Study Highlights Forest Protected Areas as a Critical Strategy for Slowing Climate Change

For Immediate Release


Monica Echeverria
(202) 495-4626

Study Highlights Forest Protected Areas as a Critical Strategy for Slowing Climate Change

WASHINGTON - A new study involving scientists from 13 different organizations,
universities and research institutions states that forest protection
offers one of the most effective, practical, and immediate strategies to
combat climate change. The study, "Indigenous Lands, Protected Areas,
and Slowing Climate Change," was published in PLoS Biology, a
peer-reviewed scientific journal, and makes specific recommendations for
incorporating  protected areas into overall strategies to reduce
emissions of greenhouse gasses from deforestation and degradation
(nicknamed REDD).

 "Deforestation leads to about 15 percent of the
world's greenhouse gas emissions, more than all the cars, trucks,
trains, ships, and planes on earth.  If we fail to reduce it, we'll fail
to stabilize our climate," said Taylor Ricketts, director of World Wildlife Fund's science
program and lead author of the study.  "Our paper emphasizes that
creating and strengthening indigenous lands and other protected areas
can offer an effective means to cut emissions while garnering numerous
additional benefits for local people and wildlife."

The authors
highlight analyses showing that since 2002, deforestation in the
Brazilian Amazon has been 7 to 11 times lower inside of indigenous lands
and other protected areas than elsewhere. Simulation models suggest
that protected areas established between 2003 and 2007 could prevent an
estimated area of 100,000 square miles of deforestation through 2050. 
That is roughly the size of the state of Colorado, representing enough
carbon to equal 1/3 of the world's annual CO2 emissions.  Within these
efforts, location matters; protected areas in regions that face
deforestation pressures would be most effective at truly reducing

"This study reinforces the wisdom behind global
investments in protected areas," says Gustavo A.B. da Fonseca, co-author
of the study and Team Leader Natural Resources of the Global
Environment Facility (GEF).  "In addition to protecting globally
important species and ecosystems, the 2,302 protected areas supported by
the GEF alone span over 634 million hectares and together store an
impressive 30 billion tons of CO2"

International policies for
compensating forest nations for REDD are under active negotiation.  To
access the resulting funds, developing countries will need to develop
programs and institutions to reduce forest emissions. "Protected areas
represent a valuable component of national REDD programs since they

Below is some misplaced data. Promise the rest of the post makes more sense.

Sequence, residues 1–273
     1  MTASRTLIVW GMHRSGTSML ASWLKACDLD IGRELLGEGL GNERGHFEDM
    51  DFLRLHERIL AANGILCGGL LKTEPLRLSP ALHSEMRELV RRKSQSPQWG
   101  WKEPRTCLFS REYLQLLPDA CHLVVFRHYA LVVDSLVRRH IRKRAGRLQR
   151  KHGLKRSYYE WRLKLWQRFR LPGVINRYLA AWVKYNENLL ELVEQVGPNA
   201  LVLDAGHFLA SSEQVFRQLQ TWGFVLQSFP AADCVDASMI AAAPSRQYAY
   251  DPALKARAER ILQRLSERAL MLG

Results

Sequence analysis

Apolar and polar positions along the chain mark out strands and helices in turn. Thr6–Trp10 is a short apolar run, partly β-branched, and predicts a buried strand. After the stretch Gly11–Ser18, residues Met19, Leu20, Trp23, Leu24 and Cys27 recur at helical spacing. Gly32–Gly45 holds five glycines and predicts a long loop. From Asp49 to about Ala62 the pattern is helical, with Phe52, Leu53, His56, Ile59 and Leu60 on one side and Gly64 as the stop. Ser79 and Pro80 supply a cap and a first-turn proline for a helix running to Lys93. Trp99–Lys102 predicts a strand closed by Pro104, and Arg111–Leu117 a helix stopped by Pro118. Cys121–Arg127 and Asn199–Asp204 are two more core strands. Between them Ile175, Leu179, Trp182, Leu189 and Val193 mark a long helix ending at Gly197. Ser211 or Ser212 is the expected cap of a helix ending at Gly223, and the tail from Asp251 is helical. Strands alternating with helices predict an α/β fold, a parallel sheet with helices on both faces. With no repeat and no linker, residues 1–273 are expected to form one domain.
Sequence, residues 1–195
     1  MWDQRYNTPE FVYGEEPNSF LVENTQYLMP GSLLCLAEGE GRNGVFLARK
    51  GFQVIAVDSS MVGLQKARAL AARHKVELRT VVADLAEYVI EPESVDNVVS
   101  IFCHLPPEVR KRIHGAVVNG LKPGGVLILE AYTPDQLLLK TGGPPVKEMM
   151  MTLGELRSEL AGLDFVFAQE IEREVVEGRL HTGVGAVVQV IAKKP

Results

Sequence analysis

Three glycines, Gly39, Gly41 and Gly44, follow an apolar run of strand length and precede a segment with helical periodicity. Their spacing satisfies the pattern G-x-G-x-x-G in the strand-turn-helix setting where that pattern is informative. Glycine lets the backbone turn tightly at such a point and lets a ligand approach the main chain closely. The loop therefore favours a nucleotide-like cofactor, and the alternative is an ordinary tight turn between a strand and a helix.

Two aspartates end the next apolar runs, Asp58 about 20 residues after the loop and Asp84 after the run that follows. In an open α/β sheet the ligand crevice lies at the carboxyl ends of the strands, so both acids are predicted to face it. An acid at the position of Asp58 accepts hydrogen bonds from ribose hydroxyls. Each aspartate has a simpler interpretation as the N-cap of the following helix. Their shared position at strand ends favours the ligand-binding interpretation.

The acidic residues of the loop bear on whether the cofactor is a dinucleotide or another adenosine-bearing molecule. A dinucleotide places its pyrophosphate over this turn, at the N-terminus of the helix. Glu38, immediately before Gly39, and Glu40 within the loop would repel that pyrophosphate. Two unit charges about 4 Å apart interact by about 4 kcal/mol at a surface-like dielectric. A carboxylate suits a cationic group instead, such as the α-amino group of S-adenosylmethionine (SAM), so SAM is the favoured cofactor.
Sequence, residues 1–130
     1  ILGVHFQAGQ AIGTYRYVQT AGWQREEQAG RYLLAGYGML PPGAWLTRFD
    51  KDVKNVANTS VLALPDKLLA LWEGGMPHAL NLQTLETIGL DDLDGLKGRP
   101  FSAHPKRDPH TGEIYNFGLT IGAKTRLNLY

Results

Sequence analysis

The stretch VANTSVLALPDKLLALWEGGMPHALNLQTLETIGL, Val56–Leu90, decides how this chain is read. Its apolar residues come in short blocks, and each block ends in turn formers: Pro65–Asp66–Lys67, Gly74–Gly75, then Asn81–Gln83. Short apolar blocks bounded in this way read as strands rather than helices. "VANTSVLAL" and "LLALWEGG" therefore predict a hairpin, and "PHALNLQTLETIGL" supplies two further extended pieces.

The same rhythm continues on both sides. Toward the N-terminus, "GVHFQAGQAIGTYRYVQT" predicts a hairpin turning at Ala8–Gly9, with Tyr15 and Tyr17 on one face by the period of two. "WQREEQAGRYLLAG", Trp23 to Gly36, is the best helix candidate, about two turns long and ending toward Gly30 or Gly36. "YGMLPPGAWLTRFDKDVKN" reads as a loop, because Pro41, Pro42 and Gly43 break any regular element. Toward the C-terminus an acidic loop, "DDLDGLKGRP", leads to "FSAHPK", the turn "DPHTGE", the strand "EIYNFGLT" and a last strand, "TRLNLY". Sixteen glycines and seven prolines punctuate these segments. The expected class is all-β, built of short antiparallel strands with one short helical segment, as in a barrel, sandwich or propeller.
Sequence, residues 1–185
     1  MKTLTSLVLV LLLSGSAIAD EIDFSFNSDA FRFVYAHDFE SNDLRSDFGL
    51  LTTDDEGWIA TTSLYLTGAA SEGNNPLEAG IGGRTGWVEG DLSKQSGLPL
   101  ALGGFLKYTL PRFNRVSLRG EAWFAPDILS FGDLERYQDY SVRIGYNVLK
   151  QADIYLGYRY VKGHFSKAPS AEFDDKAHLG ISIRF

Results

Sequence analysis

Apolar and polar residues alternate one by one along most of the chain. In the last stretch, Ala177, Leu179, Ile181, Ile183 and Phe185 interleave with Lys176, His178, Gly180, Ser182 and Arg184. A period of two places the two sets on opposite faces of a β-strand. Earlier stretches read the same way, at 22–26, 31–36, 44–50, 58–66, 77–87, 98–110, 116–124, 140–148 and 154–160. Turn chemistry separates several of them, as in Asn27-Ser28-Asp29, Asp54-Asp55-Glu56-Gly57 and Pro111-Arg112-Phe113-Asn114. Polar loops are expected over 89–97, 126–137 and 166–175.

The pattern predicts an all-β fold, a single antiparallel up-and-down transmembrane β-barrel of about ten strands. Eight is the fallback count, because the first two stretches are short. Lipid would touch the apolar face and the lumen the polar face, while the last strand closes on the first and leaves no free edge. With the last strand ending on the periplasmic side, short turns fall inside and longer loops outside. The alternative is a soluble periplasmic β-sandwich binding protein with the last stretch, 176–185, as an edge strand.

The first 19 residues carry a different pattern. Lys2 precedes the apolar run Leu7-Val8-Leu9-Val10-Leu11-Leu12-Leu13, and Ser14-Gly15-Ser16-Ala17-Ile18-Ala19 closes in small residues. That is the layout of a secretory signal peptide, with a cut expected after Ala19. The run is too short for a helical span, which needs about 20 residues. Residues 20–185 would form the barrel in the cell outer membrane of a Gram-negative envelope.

already contain the necessary institutions and infrastructure to handle
funds, strengthen protection and generate results," said Claudio
Maretti, Conservation Director, WWF Brazil. "Establishing protected
areas usually clarifies land tenure and the associated carbon rights,
which has been a sticking point in some negotiations."  

addition, the study estimates that the cost of creating and better
managing protected areas is lower than many other options to reduce
emissions from deforestation. Completing and managing a network of
protected areas in the developing world might require $4 billion USD
annually, which is roughly 1/10 of the capital that could be mobilized
by international REDD policies.

According to the study, forest
nations can strengthen the role of protected areas in their REDD
strategies by:

  • Identifying where Indigenous Lands and
    Protected Areas would most effectively reduce deforestation rates and
    associated emissions;
  • Establishing national monitoring to
    measure deforestation rates and quantify carbon emissions reductions;
  • Establishing
    insurance mechanisms for illegal logging or forest fires;
  • Providing
    indigenous groups and local communities the information and capacities
    they need to participate;
  • Distributing payments transparently to
    reward those responsible for reducing emissions.

Note to
Editors The publication
"Indigenous Lands, Protected Areas,
and Slowing Climate Change"
is available at

showing carbon stocks and potential emissions of selected
forest protected areas in the Brazilian Amazon is available at Potential
emissions are estimated by simulating future deforestation through
2050, with and without forest protected areas present. The difference
(depicted by orange bars) represents the reductions of CO2 emissions
contributed by each forest protected area.


The largest multinational conservation organization in the world, WWF works in 100 countries and is supported by 1.2 million members in the United States and close to 5 million globally. WWF's unique way of working combines global reach with a foundation in science, involves action at every level from local to global, and ensures the delivery of innovative solutions that meet the needs of both people and nature.

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